It’s that time of year when pumpkins and apples are stacked high on roadside farm stands and cinnamon drenched desserts are on every menu. Turns out that all these three iconic symols of autumn are packed with health and beauty benefits.
Pumpkin– Inside and Out
One cup of cooked pumpkin has three grams of fiber, zero cholesterol and sodium, 100% of vitamin A and 20% of vitamin C, and 10% of potassium, copper, manganese, riboflavin, niacin and vitamin B6– and all for just 50 calories.
Most of the pumpkin we eat in the US comes from cans. It retains most of its nutritional payload and is much easier to use. Just make sure that you purchase plain canned pumpkin not canned pumpkin pie filling which is packed with sugar. Added sweetners and fat ( butter … Continue Reading… →
Question: I’ve been hearing a lot of buzz about goat’s milk. People are saying its easier to digest and goat’s milk soap is better for your skin. Since its more expensive than regular milk and regular soap, do you think its worth it?
Answer: Goat’s milk is packed with benefits. It has more calcium, vitamin C, vitamin A and potassium than cow’s milk. Due to the high fatty acid content, goats milk is easier to digest. In fact 50% of people that are lactose intolorant are able to drink goats milk.
Goats Milk and Your Skin
Goats milk contains twice as much caprylic acid as cow’s milk. This fatty acid is also found in coconut oil and one of the reasons for thecoconuts health and beauty benefits. Goats milk has a ph level that is just what the … Continue Reading… →
Question: My neighbor has diabetes and she puts honey on her foot to heal a cut. How crazy is that?
Answer: Given that sugars like honey should not be part of a diet for diabetics, the idea of honey wound treatment is bizarre, but here’s the shocker– its actually a good treatment option. Honey is a centuries old remedy for a wide variety of skin problems. It contains an astonishing number of beneficial ingredients including carbohydrates, different forms of vitamin B, minerals( eg calcium, zinc, and potassium) antioxidants, lactic acid , and powerful flavinoids. These components give honey powerful antibacterial, antitumor, antiviral, antioxidant and anti-inflammatory powers.
Some studies have shown that honey can heal burns, ulcers and wounds while other research has indicated that it stimulates the production of fibroblasts. These are the fibers that go on to become collagen and elastin. Seriously.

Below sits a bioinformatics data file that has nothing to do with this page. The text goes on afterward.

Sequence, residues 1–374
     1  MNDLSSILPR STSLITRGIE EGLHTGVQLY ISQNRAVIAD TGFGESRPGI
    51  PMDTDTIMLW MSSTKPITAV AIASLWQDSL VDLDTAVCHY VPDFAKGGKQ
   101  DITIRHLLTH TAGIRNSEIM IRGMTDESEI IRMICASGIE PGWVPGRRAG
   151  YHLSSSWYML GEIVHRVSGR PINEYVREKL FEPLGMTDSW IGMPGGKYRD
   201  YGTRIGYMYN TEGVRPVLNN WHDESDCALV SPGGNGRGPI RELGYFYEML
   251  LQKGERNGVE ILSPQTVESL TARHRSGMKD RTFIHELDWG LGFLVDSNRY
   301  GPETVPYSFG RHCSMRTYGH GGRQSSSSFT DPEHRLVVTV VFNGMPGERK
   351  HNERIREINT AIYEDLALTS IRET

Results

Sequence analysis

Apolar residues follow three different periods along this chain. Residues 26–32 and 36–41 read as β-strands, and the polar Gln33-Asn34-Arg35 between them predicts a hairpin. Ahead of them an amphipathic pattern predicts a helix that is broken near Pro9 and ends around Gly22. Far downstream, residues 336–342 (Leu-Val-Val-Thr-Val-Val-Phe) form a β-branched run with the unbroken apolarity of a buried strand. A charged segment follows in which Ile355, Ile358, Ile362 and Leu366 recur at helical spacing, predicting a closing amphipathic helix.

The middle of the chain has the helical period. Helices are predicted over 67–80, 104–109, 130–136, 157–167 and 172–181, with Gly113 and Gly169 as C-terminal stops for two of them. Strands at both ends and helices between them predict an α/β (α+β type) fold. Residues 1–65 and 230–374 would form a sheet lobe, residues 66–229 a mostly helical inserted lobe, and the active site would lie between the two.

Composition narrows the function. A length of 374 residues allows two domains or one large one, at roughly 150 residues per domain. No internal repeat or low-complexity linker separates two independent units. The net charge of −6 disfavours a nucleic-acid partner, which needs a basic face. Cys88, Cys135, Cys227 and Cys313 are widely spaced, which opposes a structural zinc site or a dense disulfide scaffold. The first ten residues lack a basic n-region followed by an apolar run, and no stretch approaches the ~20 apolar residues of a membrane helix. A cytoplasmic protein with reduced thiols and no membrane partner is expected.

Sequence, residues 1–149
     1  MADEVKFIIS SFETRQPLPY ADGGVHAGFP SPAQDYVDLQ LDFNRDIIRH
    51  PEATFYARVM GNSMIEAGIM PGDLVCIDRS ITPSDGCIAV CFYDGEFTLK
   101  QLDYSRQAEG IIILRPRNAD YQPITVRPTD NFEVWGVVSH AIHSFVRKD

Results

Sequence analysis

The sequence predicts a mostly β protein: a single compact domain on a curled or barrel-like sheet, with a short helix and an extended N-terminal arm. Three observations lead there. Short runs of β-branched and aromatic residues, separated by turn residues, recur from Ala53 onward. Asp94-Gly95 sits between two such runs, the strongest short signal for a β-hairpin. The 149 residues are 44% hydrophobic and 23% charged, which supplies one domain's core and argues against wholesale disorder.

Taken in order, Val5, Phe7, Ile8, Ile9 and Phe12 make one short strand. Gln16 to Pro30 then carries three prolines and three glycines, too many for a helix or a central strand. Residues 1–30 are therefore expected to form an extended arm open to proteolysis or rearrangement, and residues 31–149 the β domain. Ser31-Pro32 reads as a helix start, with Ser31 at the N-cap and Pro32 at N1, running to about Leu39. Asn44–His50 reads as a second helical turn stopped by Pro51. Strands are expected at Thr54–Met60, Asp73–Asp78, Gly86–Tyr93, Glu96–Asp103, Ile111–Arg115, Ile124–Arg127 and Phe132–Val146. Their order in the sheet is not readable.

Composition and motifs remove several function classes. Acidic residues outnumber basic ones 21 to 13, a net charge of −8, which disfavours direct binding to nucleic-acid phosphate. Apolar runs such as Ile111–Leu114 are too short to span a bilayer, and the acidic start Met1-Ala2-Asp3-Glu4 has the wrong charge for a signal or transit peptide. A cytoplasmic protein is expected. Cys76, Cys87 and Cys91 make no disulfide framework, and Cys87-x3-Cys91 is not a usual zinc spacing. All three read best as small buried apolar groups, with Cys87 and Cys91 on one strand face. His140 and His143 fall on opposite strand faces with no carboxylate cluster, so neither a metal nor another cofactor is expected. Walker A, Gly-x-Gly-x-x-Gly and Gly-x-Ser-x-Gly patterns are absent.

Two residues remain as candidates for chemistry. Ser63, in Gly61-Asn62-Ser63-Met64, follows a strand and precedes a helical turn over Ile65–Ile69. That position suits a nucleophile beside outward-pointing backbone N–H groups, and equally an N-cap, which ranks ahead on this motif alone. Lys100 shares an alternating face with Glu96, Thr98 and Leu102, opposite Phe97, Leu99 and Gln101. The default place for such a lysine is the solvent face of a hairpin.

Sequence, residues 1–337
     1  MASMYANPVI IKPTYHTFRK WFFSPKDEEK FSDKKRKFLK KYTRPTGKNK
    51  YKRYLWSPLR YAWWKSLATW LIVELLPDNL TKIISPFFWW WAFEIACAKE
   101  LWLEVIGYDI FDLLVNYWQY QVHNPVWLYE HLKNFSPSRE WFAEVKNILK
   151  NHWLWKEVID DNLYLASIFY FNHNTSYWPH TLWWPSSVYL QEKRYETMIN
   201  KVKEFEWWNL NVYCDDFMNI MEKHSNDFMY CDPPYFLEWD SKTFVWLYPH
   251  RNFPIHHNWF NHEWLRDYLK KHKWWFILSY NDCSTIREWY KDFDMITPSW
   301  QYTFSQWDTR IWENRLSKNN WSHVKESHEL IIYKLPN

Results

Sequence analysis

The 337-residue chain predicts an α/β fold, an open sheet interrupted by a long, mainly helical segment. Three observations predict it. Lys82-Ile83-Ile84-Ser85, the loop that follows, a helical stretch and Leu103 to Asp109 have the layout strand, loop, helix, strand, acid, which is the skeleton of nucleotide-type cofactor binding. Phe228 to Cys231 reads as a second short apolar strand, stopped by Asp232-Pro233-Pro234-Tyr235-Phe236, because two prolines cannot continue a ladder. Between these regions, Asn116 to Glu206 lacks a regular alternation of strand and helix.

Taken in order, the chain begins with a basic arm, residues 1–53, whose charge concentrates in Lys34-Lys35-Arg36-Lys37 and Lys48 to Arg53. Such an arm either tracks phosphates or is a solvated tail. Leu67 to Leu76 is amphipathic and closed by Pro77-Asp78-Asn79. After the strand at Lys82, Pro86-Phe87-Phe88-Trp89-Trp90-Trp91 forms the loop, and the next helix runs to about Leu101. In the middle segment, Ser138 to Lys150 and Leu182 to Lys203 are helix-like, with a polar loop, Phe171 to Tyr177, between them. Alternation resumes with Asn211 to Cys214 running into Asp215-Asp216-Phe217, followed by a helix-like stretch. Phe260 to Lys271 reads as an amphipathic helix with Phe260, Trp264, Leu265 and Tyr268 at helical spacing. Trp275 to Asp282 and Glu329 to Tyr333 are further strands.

Plump, round and orange pumpkin are virtually synonymous with fall. Carved into gouls for Halloween or baked into pies for Thanksgiving, pumpkins are a staple when leaves turn red and gold.
No question that pumpkins are adorable, but are they healthy? Short answer, yes. Pumpkins are packed with beta carotene and vitamin A. Even better, 4 oz of roasted pumpkin clocks in at less than 40 calories. By comparison, the same size portion of roast potatoes add up to tktk. Pumpkin also has respectable amounts of vitamin C. Despite its stringy texture , it is not a good source of fiber.
Adding Pumpkin to Your Menus
When selecting pumpkins for eating, rather than carving look for small, firm and deeply orange pumpkins. WHen making pies, most people use canned pumpkin puree. Its good, but fresh, young pumpkin is absolutely delicious. Here … Continue Reading… →
I first “met” skin and heath care expert Dr Gayelord Hauser in a dusty junk shop where I picked up a copy of his 1951 best seller, Treasury of Secrets. His clear writing and positive attitude was addicting and I trolled old bookstores to find his other out of print books. ( This was before Amazon, way before).
Dashingly handsome, Dr Hauser was a European nutritionist who promoted the idea of “living foods”– unprocessed fruits, vegetables, low fat dairy and even meat. He was certainly not the first natural health guru. There have been self-styled diet experts who recommended a wide range of supplements, magic foods, and exercise programs and equipment. But Hauser was the first who made the link between a … Continue Reading… →
Kale is the “it” food of the year– and for good reason. A single one cup serving of kale has just 36 calories yet delivers a payload of 5 grams of fiber, 180% of vitamin A, 200% of vitamin C, 45 different antioxidants and 10x the RDA of vitamin K. I think that kale can legitimately call itself the ‘beauty green ‘ since it offers so much fiber and vitamin C, the two nutrients linked to lower levels of wrinkles in the landmark NHANES study.
But wait there is more. Kale, a cruciferous veggie like cauliflower and broccoli, also contains sulfur compounds that are linked to reduced risk of lung, breast, colon, bladder and prostate cancer. There is even some evidence that these sulfur componds, called glucosinolates, inhibit the spread of cancer cells. For example one study showed that non-smokers who ate cruciferous … Continue Reading… →
Last week I received a simple question that did not have a simple answer– what is the most important vitamin for my skin, the true beauty vitamin? Just about every nutrient has been promoted for skin health, but three keep making the list:
1. Vitamin E-
Vitamin E is a powerful anti-oxidant found in vegetable oils, nuts, seeds and leafy green vegetables. Studies have shown that it can block free radicals and ( in theory) reverse signs of aging. There are also suggetions that vitamin E can reduce scar formation. But sad to say the impact and benefit of vitamin E has been somewhat oversold. Vitamin E creams and cleansers have been shown to actually provoke breakouts in oily or acne prone skin. And as for help in scar reduction, numerous researchers report it just doesn’t happen. In fact one study showed … Continue Reading… →